Basho - Taken ill on my travels, My dreams roam over the withered moors in Japanese is 旅に病んで夢は枯野をかけ廻る which is read tabi ni yande yume wa kareno wo kake meguru.

In the book Classic Haiku: An Anthology of Poems by Basho and His Followers style= translator and editor Asataro Miyamori offers the translation "I'm taken ill while travelling; And my dreams roam o'er the withered moors". Mr. Miyamori translates, "I have spent almost all of my life in travelling. Now I am taken ill on my journey, but my dreams, carrying my soul on them, travel freely like birds".

One can imagine, having travelled tirelessly only to find oneself confined, ill to a bed. And having one's dreams continue on in the journey.

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Japanese Calligraphy by Eri Takase - Copyright © 2016 Takase Studios, LLC. All Rights Reserved.

Haiku by Basho
In the plum blossom scent, the sun pops out, a mountain path
梅が香にのつと日の出る山路かな
16″ W x 20″ H
$320

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“It is said of the three most famous Haiku poets that Basho is the poet, Issa the conscience, and Buson the artist. I find myself going to Basho to look for the poetic moment, to Issa to comment on what is important and for perspective, and it is to Buson I go to for the art that is always before us in everyday life.”

Eri Takase

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This is a collection of classic poems written by master poets and rendered by Master Japanese Calligrapher Eri Takase. For a complete list of designs see our on-line catalog Japanese Haiku Calligraphy .

If you have questions or suggestions please do not hesitate to contact us.

Haiku Page List

H3018 Haiku by Ryota – They spoke no words, The visitor the host, And the white chrysanthemum. [0]

H3019 Haiku by Buson – From far and near, Hearing the sounds of waterfalls, Young leaves. [0]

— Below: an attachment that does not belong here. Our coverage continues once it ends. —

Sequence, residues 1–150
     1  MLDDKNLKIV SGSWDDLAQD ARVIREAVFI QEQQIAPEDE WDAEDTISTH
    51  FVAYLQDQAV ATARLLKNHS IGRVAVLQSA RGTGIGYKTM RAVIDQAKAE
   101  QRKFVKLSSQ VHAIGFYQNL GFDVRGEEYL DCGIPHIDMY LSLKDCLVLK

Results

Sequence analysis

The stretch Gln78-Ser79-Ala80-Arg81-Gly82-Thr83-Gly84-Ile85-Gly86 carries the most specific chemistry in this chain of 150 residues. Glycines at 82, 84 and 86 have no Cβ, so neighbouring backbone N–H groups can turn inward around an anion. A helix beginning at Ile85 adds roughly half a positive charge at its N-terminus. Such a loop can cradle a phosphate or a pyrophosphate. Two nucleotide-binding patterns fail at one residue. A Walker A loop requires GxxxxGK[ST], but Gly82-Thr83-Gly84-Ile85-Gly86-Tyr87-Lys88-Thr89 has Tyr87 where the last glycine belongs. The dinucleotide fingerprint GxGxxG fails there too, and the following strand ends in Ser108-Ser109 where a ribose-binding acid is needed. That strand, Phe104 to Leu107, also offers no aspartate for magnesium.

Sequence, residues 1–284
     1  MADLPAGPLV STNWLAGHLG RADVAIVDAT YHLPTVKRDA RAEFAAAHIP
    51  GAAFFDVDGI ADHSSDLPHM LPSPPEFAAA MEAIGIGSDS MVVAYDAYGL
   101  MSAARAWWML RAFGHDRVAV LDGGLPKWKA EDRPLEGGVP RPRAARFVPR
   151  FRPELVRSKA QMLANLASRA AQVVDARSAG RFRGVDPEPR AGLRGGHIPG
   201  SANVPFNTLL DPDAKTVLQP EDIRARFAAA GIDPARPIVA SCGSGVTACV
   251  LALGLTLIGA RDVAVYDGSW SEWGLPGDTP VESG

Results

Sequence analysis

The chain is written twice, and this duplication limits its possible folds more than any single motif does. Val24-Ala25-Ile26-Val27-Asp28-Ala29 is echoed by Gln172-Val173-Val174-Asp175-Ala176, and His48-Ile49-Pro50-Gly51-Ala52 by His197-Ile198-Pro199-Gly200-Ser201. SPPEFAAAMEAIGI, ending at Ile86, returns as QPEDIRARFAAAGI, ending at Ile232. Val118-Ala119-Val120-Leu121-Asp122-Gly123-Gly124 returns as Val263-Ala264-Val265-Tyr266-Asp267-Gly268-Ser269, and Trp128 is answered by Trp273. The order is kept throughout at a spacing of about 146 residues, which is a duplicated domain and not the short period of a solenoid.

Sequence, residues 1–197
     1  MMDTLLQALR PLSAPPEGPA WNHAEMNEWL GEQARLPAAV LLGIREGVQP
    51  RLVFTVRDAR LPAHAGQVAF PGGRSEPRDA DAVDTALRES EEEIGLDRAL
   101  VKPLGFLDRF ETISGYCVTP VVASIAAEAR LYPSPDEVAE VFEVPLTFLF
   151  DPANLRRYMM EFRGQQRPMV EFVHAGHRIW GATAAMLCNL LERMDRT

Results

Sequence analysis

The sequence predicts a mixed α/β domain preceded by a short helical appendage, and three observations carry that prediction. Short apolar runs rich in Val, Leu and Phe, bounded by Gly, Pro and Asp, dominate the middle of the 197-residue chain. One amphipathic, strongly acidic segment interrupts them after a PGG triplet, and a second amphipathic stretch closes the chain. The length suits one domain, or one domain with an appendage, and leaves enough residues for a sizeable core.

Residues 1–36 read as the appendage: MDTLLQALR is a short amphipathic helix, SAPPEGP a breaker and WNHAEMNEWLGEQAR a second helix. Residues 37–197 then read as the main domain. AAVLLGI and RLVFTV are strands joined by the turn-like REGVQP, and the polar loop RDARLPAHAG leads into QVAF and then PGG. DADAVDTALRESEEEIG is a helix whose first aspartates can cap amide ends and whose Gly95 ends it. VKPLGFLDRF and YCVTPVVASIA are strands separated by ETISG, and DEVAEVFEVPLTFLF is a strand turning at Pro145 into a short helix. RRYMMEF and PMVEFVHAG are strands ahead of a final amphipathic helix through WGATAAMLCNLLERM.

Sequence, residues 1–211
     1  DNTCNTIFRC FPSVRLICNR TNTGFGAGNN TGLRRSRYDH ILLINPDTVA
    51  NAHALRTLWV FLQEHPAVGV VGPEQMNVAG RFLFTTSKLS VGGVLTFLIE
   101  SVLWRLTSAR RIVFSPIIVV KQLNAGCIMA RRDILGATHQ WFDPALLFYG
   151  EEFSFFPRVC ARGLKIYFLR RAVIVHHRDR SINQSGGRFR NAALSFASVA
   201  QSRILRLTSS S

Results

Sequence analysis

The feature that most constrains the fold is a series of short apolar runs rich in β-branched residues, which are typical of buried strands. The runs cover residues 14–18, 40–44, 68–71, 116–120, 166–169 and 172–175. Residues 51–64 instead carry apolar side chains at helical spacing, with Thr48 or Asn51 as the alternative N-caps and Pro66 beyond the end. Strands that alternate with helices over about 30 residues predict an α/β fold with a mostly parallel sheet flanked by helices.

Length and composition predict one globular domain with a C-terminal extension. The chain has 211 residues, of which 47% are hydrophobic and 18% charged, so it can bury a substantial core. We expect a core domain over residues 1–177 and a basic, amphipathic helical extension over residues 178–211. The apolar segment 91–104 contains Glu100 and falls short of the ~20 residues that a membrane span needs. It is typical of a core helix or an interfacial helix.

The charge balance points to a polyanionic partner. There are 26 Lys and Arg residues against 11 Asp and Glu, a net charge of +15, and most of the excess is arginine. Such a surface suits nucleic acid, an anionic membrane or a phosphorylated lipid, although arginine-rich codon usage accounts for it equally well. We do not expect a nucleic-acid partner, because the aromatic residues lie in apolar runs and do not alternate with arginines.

H3020 Haiku by Chiyojo – To the person breaking off the branch, Giving its fragrance, The plum blossom. [0]
H3021 Haiku by Shiko – How enviable, Turning beautiful then falling, Maple leaves. [0]
H3022 Haiku by Basho – Shake even the grave! My wailing is the autumn wind.[0]
H3023 Haiku by Shiki – A pear tree is blooming. By a collapsed house on an old battlefield. [0]
H3024 Haiku by Issa – Were my father here, At dawn we would gaze, Over the green fields. (Translation by Blyth)
H3025 Haiku by Buson – An evening orchid, Hidden in its scent, The flower’s whiteness. [0]
H3026 Haiku by Buson
– To white plum blossoms, Each night just dawning, Evermore. [0]
H3027 Haiku by Chiyojo – My little dragonfly hunter. I wonder where he is off to today. [0]
H3028 Haiku by Issa – Snail, ever so slowly climb, Mt. Fuji! [0]

A Note on the Japanese: Some haiku were written more than 300 years ago and Japanese has changed dramatically over that time. Most traditional Japanese haiku, such as those written by Basho, have been reworked to use modern Japanese – and this is what you see in almost all books; the number of syllables remains fixed, but the characters used and sometimes even the reading may have changed from the original.

Haiku are commonly written in kanji and hiragana today but hiragana was not standardized until 1900 and what preceded hiragana, called hentaigana is quite different and, for the most part, unreadable to all but experts in archaic Japanese. We attempt to document these differences and often talk about the changes in the language, though ultimately, Master Takase will select a correct form that also lends itself to an artistic rendering.

Haiku Translations in Progress – This is our bull pen of designs we are thinking about doing …

Haiku List – Alphabetical by Poet

Basho – furu ike ya kawazu tobikomu mizu no oto
Basho – hito mo minu haru ya kagami no ura no ume
Basho – inazuma ni satoranu hito no tattosa yo
Basho – natsukusa ya tsuwamono domo ga yume no ato
Basho – shiratsuyu wo kobusanu hagi no uneri kana
Basho – tabi ni yande yume wa kareno wo kake meguru